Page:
- Foreign minister calls decision "shameful, humiliating”
- Labor minister says Serbia should rethink EU orientation
Serbia expressed anger after the European Union refused to open accession negotiations on rule-of-law issues, even as the bloc advanced talks with fellow membership candidates Montenegro and Turkey.
Foreign Minister Ivica Dacic lambasted the decision as “shameful, incomprehensible and humiliating” and said it was “a result of the political intention to halt or slow down Serbia’s European path,” according to an e-mailed statement. Dacic said he’ll advise Premier Aleksandar Vucic to “hold urgent consultations” before the prime minister visits Paris for a meeting of Balkan leaders on July 4. Vucic will hold a press conference at 4 p.m. on Friday, his office said.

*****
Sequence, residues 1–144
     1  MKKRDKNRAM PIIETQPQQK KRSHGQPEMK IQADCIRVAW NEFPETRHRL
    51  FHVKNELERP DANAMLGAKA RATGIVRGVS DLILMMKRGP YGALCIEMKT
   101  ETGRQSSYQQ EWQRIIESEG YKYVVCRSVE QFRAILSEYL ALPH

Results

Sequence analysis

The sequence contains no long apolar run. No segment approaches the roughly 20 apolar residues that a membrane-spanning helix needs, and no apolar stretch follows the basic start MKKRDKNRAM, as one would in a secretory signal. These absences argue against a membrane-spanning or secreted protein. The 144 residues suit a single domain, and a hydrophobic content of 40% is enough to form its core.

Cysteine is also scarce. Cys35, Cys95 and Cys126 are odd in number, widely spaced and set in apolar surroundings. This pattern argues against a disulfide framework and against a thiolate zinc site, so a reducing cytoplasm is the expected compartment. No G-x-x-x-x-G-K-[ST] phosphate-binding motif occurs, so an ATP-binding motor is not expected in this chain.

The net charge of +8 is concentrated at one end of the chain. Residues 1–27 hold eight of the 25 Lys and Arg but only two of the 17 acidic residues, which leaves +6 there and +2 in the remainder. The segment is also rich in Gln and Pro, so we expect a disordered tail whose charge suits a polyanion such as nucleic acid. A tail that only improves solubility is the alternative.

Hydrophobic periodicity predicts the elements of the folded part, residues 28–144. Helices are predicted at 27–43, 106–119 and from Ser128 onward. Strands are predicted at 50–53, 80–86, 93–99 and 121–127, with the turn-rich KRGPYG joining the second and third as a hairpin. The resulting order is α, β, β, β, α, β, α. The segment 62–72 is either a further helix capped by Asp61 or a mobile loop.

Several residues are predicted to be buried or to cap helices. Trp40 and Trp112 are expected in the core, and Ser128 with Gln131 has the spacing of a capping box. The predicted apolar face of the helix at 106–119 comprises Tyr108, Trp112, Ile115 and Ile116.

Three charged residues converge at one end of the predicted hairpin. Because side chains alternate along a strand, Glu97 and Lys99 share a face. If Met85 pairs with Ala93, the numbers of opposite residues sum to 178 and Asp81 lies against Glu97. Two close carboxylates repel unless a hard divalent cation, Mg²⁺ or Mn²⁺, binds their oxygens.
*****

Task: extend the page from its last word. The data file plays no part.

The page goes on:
After winning April 24 snap elections, he has dragged his feet on forming a new cabinet and is facing discontent over policies, including street protests over backsliding on media freedoms and demolitions in Belgrade to make way for a 3 billion-euro ($3.4 billion) development with U.A.E. investors. Vucic has pledged to reduce the Balkan state’s public deficit and debt by cutting the size of the state administration and closing or selling state companies that drain more than $1 billion from the budget each year.
Labor Minister Aleksandar Vulin, an ally of Vucic, called for Serbia to rethink its approach toward EU entry, Tanjug news service reported. Serbia has long split allegiances between western Europe and Russia, and Vucic’s Progressive Party signed a cooperation agreement with Russian President Vladimir Putin this week agreeing to consult about their international relations.
“I think this is a good occasion to perhaps reconsider our foreign policy orientation and to perhaps again reassess our policy toward the EU,” Vulin was quoted as saying.